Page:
The Influence of Embroidery

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Two designs from Goldcrest Gallery showing the influence of embroidery - Cross Stitch and Spanish Blackwork

The Influence of Embroidery

The search for inspiration is a constant one for artists and designers. Creating designs that are varied and novel consumes ideas, which need to be refreshed. Designers not only look to nature for inspiration, but also to the work of other artists and craftsmen. Several lovely designs in the Goldcrest Gallery greeting card collection reveal the influence of embroidery, as an inspiration.

Cross Stitch

‘Cross Stitch’ is an original 1970s textile design, which has been created using elements from 16th Century embroidery. The floral motifs are adapted from Elizabethan embroidered floral designs. These would have been worked originally in satin stitch. For the hand-painted design in ‘Cross Stitch’, designers’ gouache has been used in two shades of mauve. Smaller flowers are painted in golden yellow, inspired by the rich gold thread which can be seen in Tudor embroidery.

Historical 16th Century embroidery design often features fine swirling stems, which curl around flowers and foliage, linking them together. The designer of ‘Cross Stitch’ was inspired by this to add delicate scrolling lines around the floral motifs, drawn in pen and ink. Originally the embroidered lines were worked in stem stitch.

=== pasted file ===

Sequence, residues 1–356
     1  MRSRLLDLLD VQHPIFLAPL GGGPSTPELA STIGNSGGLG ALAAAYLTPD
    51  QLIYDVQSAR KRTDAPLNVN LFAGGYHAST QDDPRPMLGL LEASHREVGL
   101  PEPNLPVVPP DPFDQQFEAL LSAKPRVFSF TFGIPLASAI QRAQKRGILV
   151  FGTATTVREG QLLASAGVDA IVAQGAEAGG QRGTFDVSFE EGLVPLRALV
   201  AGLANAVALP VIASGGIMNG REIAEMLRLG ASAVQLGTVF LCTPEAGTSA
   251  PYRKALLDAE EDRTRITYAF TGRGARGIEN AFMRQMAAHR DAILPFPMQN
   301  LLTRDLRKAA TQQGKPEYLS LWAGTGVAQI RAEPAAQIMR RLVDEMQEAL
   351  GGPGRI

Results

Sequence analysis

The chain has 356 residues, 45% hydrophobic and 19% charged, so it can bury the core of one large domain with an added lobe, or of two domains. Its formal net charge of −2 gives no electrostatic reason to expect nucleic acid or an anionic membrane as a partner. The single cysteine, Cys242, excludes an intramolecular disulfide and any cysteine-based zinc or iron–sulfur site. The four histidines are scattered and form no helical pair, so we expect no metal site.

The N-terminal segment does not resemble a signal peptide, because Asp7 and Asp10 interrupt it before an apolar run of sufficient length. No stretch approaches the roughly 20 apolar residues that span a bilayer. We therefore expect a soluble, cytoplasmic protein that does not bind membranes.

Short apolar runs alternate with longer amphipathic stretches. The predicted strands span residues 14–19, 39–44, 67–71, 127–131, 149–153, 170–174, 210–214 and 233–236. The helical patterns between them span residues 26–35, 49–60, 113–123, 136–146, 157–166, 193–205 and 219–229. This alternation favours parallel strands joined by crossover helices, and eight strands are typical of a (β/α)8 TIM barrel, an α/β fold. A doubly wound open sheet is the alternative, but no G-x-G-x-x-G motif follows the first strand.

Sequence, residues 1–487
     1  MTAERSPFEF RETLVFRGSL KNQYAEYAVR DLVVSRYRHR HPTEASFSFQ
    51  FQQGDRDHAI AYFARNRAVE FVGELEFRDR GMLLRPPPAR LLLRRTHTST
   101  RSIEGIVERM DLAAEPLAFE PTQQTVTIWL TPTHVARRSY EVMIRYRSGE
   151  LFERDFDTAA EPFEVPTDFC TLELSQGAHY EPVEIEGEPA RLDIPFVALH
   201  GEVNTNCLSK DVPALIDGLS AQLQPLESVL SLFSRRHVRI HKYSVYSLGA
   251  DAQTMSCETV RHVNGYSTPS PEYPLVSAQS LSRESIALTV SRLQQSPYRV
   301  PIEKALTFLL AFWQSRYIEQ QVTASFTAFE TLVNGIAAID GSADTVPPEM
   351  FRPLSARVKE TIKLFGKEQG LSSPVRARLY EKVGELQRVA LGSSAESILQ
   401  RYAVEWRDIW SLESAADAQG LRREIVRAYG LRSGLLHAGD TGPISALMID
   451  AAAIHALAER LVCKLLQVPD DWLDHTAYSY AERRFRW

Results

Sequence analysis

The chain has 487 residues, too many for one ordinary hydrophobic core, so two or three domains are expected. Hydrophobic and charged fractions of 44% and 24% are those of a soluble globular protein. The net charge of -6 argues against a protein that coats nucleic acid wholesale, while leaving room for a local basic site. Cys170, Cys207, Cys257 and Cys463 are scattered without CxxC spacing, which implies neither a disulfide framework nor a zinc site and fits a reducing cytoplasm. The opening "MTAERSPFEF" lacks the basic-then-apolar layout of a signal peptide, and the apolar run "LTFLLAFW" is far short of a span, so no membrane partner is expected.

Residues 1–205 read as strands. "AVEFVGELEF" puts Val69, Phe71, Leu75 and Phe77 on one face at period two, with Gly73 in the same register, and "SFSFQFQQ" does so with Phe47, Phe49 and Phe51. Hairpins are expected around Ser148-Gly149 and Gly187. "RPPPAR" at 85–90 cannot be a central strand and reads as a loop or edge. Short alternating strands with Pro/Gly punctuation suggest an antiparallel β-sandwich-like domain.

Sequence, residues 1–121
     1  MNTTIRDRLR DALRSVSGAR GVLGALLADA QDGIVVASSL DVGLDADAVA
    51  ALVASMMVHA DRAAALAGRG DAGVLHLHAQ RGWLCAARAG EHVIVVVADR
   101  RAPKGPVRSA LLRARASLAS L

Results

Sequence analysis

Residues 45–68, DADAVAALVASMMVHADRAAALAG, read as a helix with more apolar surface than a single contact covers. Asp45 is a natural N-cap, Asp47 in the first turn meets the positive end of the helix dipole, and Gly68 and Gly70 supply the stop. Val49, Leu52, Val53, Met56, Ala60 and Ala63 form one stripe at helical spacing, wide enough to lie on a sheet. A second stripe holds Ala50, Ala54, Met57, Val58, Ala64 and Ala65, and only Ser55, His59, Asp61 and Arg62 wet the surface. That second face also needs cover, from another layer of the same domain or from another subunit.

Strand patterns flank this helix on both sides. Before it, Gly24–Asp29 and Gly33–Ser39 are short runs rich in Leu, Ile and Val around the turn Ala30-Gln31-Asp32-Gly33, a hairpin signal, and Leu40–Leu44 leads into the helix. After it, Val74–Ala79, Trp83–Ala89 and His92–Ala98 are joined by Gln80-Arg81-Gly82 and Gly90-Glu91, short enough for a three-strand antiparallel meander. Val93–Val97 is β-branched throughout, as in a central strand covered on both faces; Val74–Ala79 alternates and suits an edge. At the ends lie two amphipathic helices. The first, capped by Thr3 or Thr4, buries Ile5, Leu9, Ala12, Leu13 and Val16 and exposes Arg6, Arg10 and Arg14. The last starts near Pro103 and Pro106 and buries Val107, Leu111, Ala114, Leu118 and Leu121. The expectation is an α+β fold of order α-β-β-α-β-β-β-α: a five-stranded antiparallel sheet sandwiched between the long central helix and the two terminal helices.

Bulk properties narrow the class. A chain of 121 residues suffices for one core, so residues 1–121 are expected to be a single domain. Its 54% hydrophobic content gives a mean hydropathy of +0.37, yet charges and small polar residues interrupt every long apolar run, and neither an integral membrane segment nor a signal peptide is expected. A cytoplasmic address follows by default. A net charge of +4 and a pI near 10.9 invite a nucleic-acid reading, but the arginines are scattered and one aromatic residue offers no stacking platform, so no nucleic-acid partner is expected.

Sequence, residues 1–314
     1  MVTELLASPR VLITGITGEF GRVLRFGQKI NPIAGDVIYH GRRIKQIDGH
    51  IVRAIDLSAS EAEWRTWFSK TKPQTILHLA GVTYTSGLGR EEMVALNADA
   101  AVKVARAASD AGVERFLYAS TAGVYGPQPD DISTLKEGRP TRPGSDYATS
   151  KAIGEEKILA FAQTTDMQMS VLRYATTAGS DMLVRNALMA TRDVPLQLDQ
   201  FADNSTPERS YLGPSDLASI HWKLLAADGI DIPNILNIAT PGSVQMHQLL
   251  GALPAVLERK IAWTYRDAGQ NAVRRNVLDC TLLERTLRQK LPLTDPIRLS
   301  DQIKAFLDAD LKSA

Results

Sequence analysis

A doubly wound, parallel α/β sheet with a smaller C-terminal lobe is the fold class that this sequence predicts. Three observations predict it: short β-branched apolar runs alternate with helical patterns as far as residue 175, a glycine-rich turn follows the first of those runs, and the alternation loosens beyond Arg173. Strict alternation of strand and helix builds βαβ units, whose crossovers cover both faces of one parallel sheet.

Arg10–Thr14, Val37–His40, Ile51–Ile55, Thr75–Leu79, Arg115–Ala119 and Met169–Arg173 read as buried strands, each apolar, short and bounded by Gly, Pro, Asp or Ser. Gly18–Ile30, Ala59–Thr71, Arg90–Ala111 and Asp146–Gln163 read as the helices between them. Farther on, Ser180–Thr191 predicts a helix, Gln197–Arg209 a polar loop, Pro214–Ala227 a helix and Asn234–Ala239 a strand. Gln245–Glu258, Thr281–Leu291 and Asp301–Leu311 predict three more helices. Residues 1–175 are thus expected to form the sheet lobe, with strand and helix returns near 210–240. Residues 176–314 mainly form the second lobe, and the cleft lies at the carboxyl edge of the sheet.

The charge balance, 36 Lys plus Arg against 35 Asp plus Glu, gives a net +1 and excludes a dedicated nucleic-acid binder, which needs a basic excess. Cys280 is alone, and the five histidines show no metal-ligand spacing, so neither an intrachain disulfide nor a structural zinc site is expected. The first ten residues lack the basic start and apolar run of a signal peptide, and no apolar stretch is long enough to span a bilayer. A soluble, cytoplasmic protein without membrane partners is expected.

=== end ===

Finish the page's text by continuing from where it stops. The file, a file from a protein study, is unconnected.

Blackwork embroidery was extremely popular in Tudor times. In ‘Cross Stitch’, the vine leaf motifs have been outlined in pen and ink, and filled in with fine crosshatching. This subtly shaded effect would once have been embroidered with cross stitching. The brown lines on a cream background create a softer version of blackwork embroidery.

Spanish Blackwork

Our beautiful greeting card, ‘Spanish Blackwork’, has a black and white pattern derived from historical blackwork embroidery. Blackwork was introduced to England in 1501 by Catherine of Aragon. The lacey appearance of this type of embroidery made it very popular. In addition to the flower and animal motifs in Tudor embroidery, blackwork included abstract and geometric patterns. Backstitch and double running stitch were chosen to sew outlines, and the shapes were filled in with satin stitch. ‘Spanish Blackwork’ has two central floral emblems in a square formation. Similarly, there are six smaller motifs with four petals in each. The background of this design imitates counted threadwork in a diamond pattern.

Both ‘Cross Stitch‘ and ‘Spanish Blackwork‘ are available as 5″x7″ greeting cards, and ‘Cross Stitch‘ is also available as one of our A3 fine art prints. Find some fresh inspiration and enjoy the influence of embroidery in our lovely designs!